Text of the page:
On October 3rd 2013, the life of my family deeply changed from a personal and professional point of view. Since then, we actively committed to decreasing casualties at sea and fighting against the globalisation of indifference, following the words that Pope Francis declared during a speech a few months earlier on the island of Lampedusa.

That shipwreck killed 368 people, whose bodies were later found on the sand of an island that became Europe’s door, and marked the beginning of an adventure that saved more than 40,000 children, women and men along the Central Mediterranean and Aegean Sea.

I often talked about MOAS’ inception and mission to rescue human lives in distress at sea. Our main focus was on the people rescued, whose stories helped us to reinforce the empathy necessary to understand forced migration and overcome the current approach based on figures and statistics.

Five years later, I wish to focus on people  at a time when solidarity is a crime, no humanitarian vessels are left at sea, and the mortality rate compared to the number of departures has drastically increased. I wish to briefly recall their stories and wish each person a peaceful future.

Copyright Francesco malavolta/MOAS

Sadik was 17 years when we rescued him. Sadik was an Ethiopian member of the Oromo persecuted minority, and his dream was to play football. After the rescue, the wounds of torture were still fresh on his back, and the horrific journey was visible in his eyes

Yasmine was 26 years, when she was rescued with her daughter during their third attempt to cross the sea. At that time, she was pregnant, and her husband was stranded in Libya because he could not afford to pay the crossing. Murielle was 13 when she was kidnapped in the attempt of entering Libya. After three years of sexual slavery, she boarded a dinghy in the hope of reaching safety.

Salomon was just one year old, when we rescued him during the 2017 unforgettable Easter weekend. He was travelling with his mother, fleeing the war in Syria in the hope to join his father in Sweden. Father Regamy from Cologne was also on board with us and helped us in coping with the pain that we felt in recovering seven dead bodies, including two women and a child whose stories are unknown.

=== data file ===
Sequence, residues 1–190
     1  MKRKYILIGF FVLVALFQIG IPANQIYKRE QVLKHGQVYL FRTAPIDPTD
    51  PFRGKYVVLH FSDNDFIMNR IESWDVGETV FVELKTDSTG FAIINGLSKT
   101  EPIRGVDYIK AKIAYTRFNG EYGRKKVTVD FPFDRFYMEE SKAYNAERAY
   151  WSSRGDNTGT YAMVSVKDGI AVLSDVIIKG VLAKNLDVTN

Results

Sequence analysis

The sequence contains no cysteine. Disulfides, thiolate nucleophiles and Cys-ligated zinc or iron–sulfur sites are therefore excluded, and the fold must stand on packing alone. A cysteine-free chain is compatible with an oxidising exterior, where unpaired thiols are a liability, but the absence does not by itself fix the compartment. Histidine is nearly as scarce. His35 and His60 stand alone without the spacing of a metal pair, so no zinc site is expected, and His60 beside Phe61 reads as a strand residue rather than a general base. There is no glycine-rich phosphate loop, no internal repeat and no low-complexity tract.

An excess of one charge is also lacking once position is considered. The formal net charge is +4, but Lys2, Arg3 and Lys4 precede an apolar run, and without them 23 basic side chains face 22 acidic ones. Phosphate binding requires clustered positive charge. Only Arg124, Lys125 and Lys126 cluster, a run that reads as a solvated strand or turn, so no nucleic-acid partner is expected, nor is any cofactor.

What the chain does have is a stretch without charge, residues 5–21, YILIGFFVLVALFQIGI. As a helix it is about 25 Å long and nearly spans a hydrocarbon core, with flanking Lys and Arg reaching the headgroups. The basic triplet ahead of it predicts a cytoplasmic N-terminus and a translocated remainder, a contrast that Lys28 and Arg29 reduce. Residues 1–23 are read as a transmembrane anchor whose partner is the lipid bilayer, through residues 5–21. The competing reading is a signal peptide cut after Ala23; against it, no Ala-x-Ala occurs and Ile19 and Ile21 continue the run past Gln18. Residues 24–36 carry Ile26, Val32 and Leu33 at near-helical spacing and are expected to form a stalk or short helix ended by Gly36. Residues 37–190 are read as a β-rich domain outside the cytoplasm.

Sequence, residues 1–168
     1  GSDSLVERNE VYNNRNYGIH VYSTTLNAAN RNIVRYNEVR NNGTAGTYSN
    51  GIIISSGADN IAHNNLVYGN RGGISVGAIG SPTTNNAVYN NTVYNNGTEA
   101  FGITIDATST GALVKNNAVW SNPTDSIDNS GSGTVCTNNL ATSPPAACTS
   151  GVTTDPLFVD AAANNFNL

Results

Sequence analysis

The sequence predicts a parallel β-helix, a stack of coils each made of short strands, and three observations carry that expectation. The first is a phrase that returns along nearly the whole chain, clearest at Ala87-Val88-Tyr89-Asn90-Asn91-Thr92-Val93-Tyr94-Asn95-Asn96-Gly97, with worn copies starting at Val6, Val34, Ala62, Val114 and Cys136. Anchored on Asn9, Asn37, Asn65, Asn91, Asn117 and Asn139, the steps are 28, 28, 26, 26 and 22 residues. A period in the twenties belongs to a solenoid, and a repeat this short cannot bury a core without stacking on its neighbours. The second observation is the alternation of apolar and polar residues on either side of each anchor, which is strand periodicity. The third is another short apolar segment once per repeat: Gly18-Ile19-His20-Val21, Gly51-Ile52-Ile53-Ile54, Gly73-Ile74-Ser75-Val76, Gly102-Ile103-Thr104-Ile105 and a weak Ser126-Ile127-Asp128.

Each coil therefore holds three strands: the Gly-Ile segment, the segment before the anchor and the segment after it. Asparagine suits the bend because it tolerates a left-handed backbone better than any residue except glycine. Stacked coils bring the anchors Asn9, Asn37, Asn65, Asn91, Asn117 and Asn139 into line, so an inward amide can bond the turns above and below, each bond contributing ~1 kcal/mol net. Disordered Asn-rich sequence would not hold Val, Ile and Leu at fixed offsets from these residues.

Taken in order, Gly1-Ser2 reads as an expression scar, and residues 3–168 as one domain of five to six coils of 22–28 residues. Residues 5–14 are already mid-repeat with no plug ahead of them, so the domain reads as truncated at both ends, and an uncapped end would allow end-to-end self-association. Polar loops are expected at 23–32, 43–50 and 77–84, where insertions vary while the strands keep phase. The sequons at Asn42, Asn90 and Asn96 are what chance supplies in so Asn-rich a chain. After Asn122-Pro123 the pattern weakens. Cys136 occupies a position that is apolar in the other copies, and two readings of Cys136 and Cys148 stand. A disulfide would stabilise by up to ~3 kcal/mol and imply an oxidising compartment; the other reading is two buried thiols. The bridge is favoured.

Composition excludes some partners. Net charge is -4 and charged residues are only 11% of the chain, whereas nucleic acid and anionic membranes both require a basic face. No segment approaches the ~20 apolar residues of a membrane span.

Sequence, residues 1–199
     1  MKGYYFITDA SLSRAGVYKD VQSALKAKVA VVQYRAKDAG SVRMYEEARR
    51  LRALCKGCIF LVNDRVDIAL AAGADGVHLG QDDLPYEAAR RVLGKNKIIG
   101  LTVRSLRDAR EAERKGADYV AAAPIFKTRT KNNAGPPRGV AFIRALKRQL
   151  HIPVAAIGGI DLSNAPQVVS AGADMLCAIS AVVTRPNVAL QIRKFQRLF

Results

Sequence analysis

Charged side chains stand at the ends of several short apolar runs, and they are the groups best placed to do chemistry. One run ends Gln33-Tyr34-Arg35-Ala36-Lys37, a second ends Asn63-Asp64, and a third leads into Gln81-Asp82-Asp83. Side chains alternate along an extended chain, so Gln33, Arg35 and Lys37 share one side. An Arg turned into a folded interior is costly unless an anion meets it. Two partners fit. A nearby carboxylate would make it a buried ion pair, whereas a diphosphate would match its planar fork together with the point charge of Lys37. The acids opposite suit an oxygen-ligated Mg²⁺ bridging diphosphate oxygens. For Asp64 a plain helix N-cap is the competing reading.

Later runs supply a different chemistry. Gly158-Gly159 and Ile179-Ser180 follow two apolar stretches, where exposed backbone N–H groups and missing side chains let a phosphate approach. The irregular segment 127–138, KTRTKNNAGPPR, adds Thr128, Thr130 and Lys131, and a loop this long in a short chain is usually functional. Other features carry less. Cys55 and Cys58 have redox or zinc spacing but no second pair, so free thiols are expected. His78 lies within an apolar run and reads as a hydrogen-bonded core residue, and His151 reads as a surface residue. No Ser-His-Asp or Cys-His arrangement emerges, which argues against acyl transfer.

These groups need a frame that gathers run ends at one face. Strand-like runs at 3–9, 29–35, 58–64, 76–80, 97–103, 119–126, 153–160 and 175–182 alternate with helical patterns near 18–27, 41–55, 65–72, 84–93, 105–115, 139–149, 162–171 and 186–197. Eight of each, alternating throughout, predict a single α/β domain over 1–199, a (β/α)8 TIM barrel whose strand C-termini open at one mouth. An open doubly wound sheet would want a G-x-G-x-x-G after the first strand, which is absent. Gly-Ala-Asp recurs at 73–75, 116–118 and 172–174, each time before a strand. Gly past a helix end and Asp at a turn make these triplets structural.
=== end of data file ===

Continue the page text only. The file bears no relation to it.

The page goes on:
Rital was only two months old, when she was welcomed on the Phoenix with her father Mahmood (27) and her mother Doaa (26) from Syria who had already attempted the crossing four times. During their stay in Libya, their first daughter was born, and they realised that they had to reach safety. Since they had no alternative, they had to risk their life in the hands of traffickers. The same happened to Nadine (22), whose daughter Hope was born with no medical assistance; they were both visited by a medical team for the first time on our ship. During the same rescue, we recovered the body of a young man probably killed for a problem of communication before departing from Libya.

These are just some of the stories, faces, hands and scars that I still remember. Every time I hear about a shipwreck, I am reminded of all the people that we miraculously managed to save. I think about thousands of children, women and men welcomed on board. I remember their stories, as well as the cities that they had to flee, the food that they used to cook on special occasions, and their dreams interrupted by escalating violence in their countries of origin and transit.

These people can’t be considered as figures, their lives can’t be underestimated and their deaths can’t be ignored. Each death caused by a lack of humanity and safe and legal alternative is an unnecessary death that concerns us all.

Imagine that you are fleeing with your loved ones on an unsafe vessel adrift in the vast sea. Then, you will understand what it means to risk everything to reach safety. Moreover, we should remember that every single day -not only on October 3rd- people perish at sea or on land in search of safety.

This article was originally published by an Italian magazine

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